Shane Lowry: Shorter courses not Rangefinders will bring golf up to speed

Open Champion & Paddy Power Ambassador Shane Lowry isn't sure this week's experiment with the telescopic rangefinders in the PGA Championship will have the desired effect.

Shane Lowry Kiawah Island


I can’t say I’m a huge fan of the PGA Tour’s experiment with Rangefinders at this week’s PGA Championship in an attempt to ‘speed up’ the game.

And while using this equipment to better estimate the distance and accuracy of the shot won’t make the game any slower, I’m not sure how much faster it will make it.

The irony is that we hear the authorities want to ‘speed up’ golf, but then they keep making the courses longer and tougher to play.

That’s the point I’m making.


When I’m out with friends I’d use Rangefinders, but in tournament play and especially Majors like this week’s event at Kiawah Island, the pin positions are a little tighter and a player has a lot more to worry about than just ‘distance’.

We’re trying to gauge how far the carry is to the front of the green, how far it is to carry the bunker and little nuances like that. I’ll certainly still be carrying a yardage book this week and I’d say most players will still get their caddy to do the same, even with the permitted Rangefinders to look through.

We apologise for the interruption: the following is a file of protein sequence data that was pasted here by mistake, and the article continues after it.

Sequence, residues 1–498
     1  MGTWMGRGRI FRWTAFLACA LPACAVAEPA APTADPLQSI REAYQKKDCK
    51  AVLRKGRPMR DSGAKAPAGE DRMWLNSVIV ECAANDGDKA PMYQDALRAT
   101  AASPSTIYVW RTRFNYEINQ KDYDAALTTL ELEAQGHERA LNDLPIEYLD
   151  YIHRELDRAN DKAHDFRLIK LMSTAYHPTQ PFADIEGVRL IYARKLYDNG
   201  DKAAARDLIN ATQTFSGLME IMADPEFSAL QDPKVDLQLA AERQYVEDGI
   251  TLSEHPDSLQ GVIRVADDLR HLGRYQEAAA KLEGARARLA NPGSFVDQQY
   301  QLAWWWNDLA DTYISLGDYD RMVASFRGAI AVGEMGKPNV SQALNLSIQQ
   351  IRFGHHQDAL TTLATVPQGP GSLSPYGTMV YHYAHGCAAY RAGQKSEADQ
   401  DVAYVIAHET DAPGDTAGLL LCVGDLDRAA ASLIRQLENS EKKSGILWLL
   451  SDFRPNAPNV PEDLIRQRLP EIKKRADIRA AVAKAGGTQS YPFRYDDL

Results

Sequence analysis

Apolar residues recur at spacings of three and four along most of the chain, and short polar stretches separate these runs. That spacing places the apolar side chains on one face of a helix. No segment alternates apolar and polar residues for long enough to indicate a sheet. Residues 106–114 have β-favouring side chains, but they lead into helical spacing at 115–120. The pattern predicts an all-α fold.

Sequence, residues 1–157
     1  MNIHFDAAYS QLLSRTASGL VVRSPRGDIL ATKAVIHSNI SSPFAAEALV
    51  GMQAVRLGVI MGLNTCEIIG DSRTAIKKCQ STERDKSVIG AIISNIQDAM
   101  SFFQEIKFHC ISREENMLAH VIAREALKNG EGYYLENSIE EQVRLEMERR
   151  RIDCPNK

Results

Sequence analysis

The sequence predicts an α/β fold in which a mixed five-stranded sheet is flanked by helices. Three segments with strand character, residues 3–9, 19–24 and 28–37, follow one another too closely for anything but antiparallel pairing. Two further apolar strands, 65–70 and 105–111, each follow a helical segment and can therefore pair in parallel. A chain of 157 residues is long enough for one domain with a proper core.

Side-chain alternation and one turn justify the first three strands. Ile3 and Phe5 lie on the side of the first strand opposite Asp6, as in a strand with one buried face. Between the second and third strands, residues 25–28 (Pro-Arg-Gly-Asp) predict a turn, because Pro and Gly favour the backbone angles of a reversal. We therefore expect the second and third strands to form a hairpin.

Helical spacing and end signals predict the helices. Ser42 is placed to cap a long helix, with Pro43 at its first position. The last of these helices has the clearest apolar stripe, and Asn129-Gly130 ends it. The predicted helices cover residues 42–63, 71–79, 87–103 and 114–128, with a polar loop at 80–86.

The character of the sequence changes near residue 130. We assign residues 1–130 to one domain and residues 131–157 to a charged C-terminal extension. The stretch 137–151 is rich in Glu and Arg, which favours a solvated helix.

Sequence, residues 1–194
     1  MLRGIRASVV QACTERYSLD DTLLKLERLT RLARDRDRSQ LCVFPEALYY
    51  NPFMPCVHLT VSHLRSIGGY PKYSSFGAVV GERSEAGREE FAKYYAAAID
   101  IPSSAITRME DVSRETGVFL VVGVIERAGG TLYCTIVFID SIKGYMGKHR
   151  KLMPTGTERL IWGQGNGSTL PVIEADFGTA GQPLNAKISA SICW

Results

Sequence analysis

Having a good caddy is also part of the game – would Rangefinders take away from that too? Possibly.

The PGA have obviously put some thought into this and feel that it’s worth doing in the second golf Major of the season as well as in their Senior & Women’s Championship. It’s certainly worth a try and in a couple of years, we may be wondering why we didn’t do this all along.

I’m just not sure the initiative will have the desired effect to speed up play and I really don’t see the point of it at all, to be honest. But that’s just my take on it.

Shane Lowry Portrush The Open July 21, 2019

Open Championship 2021

I saw the other day that the R&A is confident that a ‘significant’ number of spectators should be allowed on course when I finally get to defend my Open Championship crown at Royal St George’s.

That’s brilliant news if things go according to plan but we’ve been here before. No-one would have believed we’d still be in some form of lockdown 12 months on from when the pandemic first broke – so we’ll just have to wait and see.

However, there seems to be more light at the end of the tunnel with the UK trialling limited spectator events and plans for more in even greater numbers. It would be great if the Open Championship was back to playing in front of full galleries again in mid-July.

All the players definitely miss the buzz and the atmosphere of playing in front of crowds and can’t wait for them to return in numbers again. Let’s hope we get back to it shortly.



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What do you think?